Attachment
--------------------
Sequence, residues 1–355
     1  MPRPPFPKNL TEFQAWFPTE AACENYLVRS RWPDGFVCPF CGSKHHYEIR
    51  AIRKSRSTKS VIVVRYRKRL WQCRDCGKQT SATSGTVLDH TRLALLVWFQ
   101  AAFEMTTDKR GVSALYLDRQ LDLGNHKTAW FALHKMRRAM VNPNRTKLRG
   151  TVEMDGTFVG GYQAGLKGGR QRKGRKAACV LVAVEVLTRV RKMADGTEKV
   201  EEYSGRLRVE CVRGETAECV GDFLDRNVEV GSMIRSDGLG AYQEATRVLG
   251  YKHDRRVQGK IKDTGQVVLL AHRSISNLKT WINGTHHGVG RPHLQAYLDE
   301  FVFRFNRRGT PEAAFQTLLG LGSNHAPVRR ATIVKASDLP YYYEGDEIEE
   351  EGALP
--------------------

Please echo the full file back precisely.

Sequence, residues 1–355
     1  MPRPPFPKNL TEFQAWFPTE AACENYLVRS RWPDGFVCPF CGSKHHYEIR
    51  AIRKSRSTKS VIVVRYRKRL WQCRDCGKQT SATSGTVLDH TRLALLVWFQ
   101  AAFEMTTDKR GVSALYLDRQ LDLGNHKTAW FALHKMRRAM VNPNRTKLRG
   151  TVEMDGTFVG GYQAGLKGGR QRKGRKAACV LVAVEVLTRV RKMADGTEKV
   201  EEYSGRLRVE CVRGETAECV GDFLDRNVEV GSMIRSDGLG AYQEATRVLG
   251  YKHDRRVQGK IKDTGQVVLL AHRSISNLKT WINGTHHGVG RPHLQAYLDE
   301  FVFRFNRRGT PEAAFQTLLG LGSNHAPVRR ATIVKASDLP YYYEGDEIEE
   351  EGALP